Monday, 24 October 2016

New Music - Martin Green's Flit - The Suitcase

From the moment I first heard about Flit, a new project from Martin Green the accordionist and electronic experimenter with folk trio Lau, I was immediately intrigued. For not only was the subject material, that of social migration, something a little bit different from the norm, but the list of collaborators on the record included a number of people that at one point or other in my life have created music that has moved me in some way. 

These names include Adrian Utley of Portishead, a band that created two of my favourite studio albums of all time, as well as a fantastic live album and were responsible for one of my most memorable performances at Glastonbury Festival (which you can read about here). There’s also Becky Unthank, from folk sisters The Unthanks, whose records have cropped up regularly on my end of year lists including one at the very top (see here). Then there’s sometimes sordid Scottish wordsmith Aidan Moffat from Arab Strap, who besides creating The First Big Weekend (one of my favourite singles of 1996) and the rather excellent Philophobia LP) also once received a review by the NME of a gig at Portsmouth Wedgewood Rooms which made reference to some tribal style dancing by a small section of the audience. I was one of those dancers. Add in the likes of Karine Polwart, Anaïs Mitchell and Mogwai’s Dominic Aitchison and you have a very interesting project.

With Green and Flit going on the road this week with their multi-media show (sadly I can’t make my local date in Brighton) it seems a good time to feature the song The Suitcase from the record. Starting with a spoken word piece by Aidan Moffat the track then moves into a darkly claustrophobic electronic soundtrack with Becky’s voice bringing a traditional purity and human beauty and Dominic Aitchison providing the lower sounds. It’s one of my favourite pieces on the album, which features songs that range from tragically sad to heart-warming.

'The Suitcase' from Martin Green's Flit ft. Becky Unthank and Adam Holmes from Lepus Productions on Vimeo.

Saturday, 22 October 2016

New Music: Introducing - Cameron Jones

If you’re a musician and you’re sending out your music to blogs and websites, I have to be honest and say that these days the chances of me even opening the email are pretty damn low. There’s 101 reasons for this (OK slight exaggeration – there's about 4) but the main one is quite simply lack of time. However, last night I actually found myself with a whole spare two hours and decided to start wading my way through over 1000 emails that had arrived in the Breaking More Waves in box this week. To put some kind of filter on things I decided to only listen to submissions that were directly from artists themselves, rather than those through a record label, PR or management.

It took only half an hour to find this gem. Cameron Jones is a Herts born songwriter based in London and has spent the last year or so in-between working nights at a local blues bar, playing open mic nights and recording/writing songs in the bedroom. His song Rose is a sad meditative ballad, reflecting on how a relationship’s past happy memories make the present all the more difficult. It’s the kind of reflective and emotional tune that could equally find itself being played to a hushed crowd of seasoned music fans in a church venue by candlelight as it could covered by some wailing wannabe on X-Factor.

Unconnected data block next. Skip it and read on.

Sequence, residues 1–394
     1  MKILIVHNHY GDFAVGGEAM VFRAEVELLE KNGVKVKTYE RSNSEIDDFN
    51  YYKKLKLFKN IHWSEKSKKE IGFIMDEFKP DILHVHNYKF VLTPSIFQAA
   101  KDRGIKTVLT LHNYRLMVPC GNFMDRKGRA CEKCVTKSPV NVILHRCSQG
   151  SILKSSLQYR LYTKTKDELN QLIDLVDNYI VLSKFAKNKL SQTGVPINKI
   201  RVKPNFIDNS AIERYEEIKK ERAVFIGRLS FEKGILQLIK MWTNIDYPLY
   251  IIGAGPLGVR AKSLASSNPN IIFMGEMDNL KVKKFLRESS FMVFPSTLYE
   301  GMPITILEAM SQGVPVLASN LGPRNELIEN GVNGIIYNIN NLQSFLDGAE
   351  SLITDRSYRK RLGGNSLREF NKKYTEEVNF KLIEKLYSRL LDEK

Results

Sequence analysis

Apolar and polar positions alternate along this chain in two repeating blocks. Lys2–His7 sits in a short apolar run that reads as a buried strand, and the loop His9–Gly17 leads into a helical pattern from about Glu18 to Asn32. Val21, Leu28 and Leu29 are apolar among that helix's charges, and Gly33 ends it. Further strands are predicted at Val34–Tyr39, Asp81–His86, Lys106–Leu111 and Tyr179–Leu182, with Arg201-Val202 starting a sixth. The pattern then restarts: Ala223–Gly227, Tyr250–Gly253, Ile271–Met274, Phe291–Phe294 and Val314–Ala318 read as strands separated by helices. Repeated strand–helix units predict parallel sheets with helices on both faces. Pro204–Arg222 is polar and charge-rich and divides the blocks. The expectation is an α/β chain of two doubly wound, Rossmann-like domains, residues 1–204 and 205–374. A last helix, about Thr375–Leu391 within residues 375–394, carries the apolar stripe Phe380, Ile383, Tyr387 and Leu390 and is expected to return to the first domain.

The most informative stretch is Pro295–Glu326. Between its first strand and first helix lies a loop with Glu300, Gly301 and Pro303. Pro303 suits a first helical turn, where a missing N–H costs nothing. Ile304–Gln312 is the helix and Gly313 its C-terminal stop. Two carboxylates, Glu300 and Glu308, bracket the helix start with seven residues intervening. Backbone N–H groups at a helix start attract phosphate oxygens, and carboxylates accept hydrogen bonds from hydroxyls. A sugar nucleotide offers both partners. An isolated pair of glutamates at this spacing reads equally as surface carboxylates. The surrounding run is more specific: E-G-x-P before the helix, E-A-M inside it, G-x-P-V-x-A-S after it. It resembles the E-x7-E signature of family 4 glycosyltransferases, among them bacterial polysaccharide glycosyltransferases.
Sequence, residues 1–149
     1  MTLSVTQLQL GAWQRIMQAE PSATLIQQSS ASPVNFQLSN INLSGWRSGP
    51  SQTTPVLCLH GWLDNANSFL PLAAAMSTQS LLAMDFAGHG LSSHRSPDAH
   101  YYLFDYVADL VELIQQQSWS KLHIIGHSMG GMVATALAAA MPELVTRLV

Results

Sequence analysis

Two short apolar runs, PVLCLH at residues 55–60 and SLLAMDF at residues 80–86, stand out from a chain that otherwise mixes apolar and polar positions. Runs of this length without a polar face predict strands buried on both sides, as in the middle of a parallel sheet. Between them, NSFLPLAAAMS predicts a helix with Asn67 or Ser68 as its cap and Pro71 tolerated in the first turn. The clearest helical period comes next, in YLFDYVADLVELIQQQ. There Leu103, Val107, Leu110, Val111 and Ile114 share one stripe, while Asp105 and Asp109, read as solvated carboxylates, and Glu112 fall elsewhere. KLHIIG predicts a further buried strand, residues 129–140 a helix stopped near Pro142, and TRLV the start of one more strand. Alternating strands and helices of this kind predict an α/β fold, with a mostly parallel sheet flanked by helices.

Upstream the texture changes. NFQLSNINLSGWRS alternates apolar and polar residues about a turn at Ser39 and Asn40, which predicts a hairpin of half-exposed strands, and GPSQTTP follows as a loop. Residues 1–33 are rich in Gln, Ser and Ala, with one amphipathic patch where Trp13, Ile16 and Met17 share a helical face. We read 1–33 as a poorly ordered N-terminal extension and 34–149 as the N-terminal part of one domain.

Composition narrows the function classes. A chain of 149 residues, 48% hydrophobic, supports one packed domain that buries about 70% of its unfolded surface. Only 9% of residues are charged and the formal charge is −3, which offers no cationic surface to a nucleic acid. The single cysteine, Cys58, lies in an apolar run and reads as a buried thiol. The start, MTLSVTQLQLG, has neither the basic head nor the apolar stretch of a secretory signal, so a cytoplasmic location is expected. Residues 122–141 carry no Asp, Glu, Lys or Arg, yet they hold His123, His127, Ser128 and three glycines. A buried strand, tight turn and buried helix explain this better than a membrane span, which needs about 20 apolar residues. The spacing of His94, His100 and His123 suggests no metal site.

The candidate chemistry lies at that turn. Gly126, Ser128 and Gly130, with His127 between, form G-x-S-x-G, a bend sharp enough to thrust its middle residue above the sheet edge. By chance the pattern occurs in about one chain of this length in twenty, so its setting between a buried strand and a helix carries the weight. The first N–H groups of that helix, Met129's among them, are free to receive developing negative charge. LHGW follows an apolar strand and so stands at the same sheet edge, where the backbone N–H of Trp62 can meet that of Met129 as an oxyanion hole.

Unlike X-Factor however, Jones seems to understand that there’s as much power in restraint as there is bombast and Rose holds itself back with aplomb. It seems I'm not the only one who is impressed either. Line of Best Fit website have already featured the song and this week Jones was featured on Spotify UK's new music Friday list, so he's getting some decent attention. 

A softly magnificent song.

Cameron Jones - Rose

Thursday, 20 October 2016

New Music: Sølv - I'm Your Gun

Bang. There’s no hanging around with Sølv, despite her mellow unhurried sound. The UK south coast raised singer swept me away with the icy electronics of Losing My Mind just over a week ago and now she’s back with release number two already. If Losing My Mind was a classic Gin Martini, then I’m Your Gun is a smoking Maguey Sour sipped at a bar in a Quentin Tarantino movie with Lana Del Rey sat opposite as your drinking buddy. Throw in some twangy reverb laden guitars, Sølv’s narcotic and strangely familiar purr then underpin the whole thing with some menacing electronics and beats and you've got yourself something very fine indeed.

Losing My Mind might have been a good introduction, but I’m Your Gun takes things up several notches by virtue of its luxurious melodies and fascinating mix of modern production, combined with very old fashioned songcraft. This is first-class slow pop.

Sølv - I'm Your Gun

New Music: Clock Opera - Whippoorwill

It’s been a long time since Clock Opera featured on Breaking More Waves. Their last two songs In Memory and Changeling passed me by somewhat, but new cut Whippoorwill presses all the right buttons – and yet it’s very different from what the band have produced previously. Gone are the life affirming and supremely jubilant sounding pop songs that we heard on the debut album and instead there’s something that comes across as intimately sad. With it’s lyrics of a hole that ‘no fairground ride will fill’ and ‘a conversation scrubbed out on the page’, Whippoorwill is clearly about that most difficult of subjects that, as we get older, we all experience more and more; loss and the void of emptiness that follows.

This is the sort of song that, because no words will suffice, it makes you want to reach out and give the singer a hug. Yet out of the darkness, there is something positive - beautiful music to colour in the black.

Clock Opera are releasing their second album Venn via League of Imaginary Nations and !K7 on February 10th